Central Avenue in Rochester is known as a thriving business community, at least from 9 a.m. until 5 p.m.
But, when the sun goes down, the street lights up. Now, nighttime violence is tormenting a Rochester neighborhood which has been trying to turn itself around.
Many people who live and work there are saying one business is to blame.
“I think it’s good, Rochester is becoming more vibrant,” says Jim Liebel, with Finger Lakes Woodworking. “Eddie took a shot with an old building and fixed it up. He’s trying to create some nightlife here.”
Too much nightlife has caused problems for Lounge 2six9 and it’s owner.
Video from October shows two women brawling outside of Lounge 2six9, bringing traffic to a standstill. As a result, Rochester Police slapped the bar with six points for disorderly patrons, under the Nuisance Abatement Point System.
If a bar receives twelve points in six months, or 18 points in a year, the Rochester Police Department can seek to close the business.
“Most of the things we assess points for are six point violations,” says Lt. Cheryl Fridley with the Rochester Police Department. “Basically guns, drugs, violence disorderly premise- which usually happens with businesses.”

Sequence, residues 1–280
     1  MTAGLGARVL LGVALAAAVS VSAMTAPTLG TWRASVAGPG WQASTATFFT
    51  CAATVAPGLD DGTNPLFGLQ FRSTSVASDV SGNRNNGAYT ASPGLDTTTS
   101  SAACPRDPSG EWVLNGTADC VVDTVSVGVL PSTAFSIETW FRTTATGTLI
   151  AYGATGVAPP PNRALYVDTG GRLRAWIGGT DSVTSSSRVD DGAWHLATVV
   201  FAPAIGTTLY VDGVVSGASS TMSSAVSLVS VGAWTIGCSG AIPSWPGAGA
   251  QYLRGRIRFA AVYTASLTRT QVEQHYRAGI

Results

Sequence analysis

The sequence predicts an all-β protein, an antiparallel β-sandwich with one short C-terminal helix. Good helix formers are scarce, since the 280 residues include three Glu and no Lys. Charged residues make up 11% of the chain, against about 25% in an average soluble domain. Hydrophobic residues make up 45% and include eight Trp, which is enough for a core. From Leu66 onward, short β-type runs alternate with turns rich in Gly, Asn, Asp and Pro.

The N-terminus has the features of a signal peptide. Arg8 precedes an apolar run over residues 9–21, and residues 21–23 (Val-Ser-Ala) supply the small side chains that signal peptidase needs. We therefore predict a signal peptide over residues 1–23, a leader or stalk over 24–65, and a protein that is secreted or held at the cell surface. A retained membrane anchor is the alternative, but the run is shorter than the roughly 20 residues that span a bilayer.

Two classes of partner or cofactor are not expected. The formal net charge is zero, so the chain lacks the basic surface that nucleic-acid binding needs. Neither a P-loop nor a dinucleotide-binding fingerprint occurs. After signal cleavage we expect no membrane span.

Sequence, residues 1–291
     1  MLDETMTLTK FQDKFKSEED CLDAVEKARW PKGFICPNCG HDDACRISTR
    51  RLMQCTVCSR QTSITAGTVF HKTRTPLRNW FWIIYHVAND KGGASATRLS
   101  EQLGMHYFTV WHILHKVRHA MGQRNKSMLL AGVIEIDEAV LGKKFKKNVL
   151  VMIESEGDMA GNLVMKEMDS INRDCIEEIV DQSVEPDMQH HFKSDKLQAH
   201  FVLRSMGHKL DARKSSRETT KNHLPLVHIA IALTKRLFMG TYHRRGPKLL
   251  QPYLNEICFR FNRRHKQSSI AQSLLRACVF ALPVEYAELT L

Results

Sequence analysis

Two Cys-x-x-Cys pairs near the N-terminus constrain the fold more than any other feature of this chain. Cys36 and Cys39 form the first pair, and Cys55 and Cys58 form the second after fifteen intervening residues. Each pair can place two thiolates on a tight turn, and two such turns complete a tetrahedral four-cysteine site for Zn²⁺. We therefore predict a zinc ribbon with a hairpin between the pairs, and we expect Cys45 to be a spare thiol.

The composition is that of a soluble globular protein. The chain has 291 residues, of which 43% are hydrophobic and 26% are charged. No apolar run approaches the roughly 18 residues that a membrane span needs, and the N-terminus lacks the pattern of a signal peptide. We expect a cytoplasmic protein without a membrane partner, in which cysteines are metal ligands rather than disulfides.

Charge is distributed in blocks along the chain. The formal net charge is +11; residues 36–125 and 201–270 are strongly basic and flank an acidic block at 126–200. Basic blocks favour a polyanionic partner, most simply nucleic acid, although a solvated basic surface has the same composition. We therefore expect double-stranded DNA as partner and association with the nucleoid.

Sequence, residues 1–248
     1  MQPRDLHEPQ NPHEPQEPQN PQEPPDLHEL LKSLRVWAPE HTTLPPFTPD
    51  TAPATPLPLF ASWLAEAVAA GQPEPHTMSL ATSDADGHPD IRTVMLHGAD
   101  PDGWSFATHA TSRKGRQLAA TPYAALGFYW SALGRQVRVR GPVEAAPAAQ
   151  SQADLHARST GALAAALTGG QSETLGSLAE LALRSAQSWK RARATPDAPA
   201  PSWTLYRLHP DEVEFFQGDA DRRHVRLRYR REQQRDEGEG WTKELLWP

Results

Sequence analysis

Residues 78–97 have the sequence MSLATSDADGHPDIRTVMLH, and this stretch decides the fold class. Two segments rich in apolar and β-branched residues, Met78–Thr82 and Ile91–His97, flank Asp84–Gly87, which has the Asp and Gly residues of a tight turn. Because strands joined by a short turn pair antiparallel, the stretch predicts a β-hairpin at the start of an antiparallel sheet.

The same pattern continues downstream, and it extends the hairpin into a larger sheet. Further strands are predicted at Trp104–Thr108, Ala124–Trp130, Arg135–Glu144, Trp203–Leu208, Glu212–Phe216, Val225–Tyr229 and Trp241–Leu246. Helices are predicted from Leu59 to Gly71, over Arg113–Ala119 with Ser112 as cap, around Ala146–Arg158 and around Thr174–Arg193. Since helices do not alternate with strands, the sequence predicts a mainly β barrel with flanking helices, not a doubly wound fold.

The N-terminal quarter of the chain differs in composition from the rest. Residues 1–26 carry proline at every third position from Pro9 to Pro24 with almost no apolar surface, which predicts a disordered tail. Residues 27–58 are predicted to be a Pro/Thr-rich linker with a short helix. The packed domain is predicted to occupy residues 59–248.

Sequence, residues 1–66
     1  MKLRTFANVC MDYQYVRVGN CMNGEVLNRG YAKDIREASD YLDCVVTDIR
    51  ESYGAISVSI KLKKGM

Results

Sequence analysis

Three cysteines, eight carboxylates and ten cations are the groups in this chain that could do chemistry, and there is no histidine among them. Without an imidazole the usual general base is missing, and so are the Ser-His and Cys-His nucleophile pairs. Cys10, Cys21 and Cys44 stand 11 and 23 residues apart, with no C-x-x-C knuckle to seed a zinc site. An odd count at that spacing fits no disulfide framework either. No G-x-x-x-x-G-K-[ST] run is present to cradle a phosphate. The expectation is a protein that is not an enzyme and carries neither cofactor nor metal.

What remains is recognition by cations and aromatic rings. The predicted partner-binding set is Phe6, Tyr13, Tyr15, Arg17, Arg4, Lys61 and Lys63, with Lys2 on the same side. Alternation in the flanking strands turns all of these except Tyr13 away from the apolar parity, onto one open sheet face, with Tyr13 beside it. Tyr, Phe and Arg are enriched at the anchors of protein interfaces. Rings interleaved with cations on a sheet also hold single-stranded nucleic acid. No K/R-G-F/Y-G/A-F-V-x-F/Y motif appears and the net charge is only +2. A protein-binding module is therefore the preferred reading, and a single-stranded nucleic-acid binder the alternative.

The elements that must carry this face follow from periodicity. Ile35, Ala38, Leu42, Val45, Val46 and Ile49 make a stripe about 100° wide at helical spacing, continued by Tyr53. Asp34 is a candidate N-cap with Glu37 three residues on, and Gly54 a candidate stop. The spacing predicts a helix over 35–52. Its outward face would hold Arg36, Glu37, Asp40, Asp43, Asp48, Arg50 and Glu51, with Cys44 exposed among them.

Since the police have been monitoring this location, they have received 39 calls. No additional points were assessed.
Ken Smith owns a nearby business, Smith & Associates Architects. He predicted two months ago what was going to happen next.
“It’s a matter of time before someone gets stabbed or shot,” said Smith.
Early in the morning, following Easter Sunday, police cars swarmed the north side of Rochester- where Melvin White, Jr. had been murdered on Central Avenue.
Security video shows White leaving Lounge 2six9. Within minutes, three people approached his vehicle and shot him several times.
“People are investing in this piece of the city,” said Smith. “Urban League is on one end, we are on the other. There was a murder in between. Not preferred. “
The Urban League of Rochester has been operating at this corner for over 20 years, right down the street from Lounge 2six9. The night White was murdered, hours later students were coming there to leave for the Urban League’s annual college tour.
“We are not against the business,” said William Clark, who is the President of the Urban League. “What we are against is anything that really takes away from safety and the atmosphere we are trying to build here.”
News 8 did reach out to Lounge 2six9, but they did not want to comment on these recent events.
Liebel says violence is a community issue.
“I think we should pull together, as neighbors, and figure out how we stop that from happening,” he said. “It’s not the nightlife, or that people are having fun. “It’s that somebody shot somebody. That shouldn’t be acceptable to anybody.”
In a way, Central Avenue represents much of Rochester- as it tries to raise itself up by day, and calm things down at night.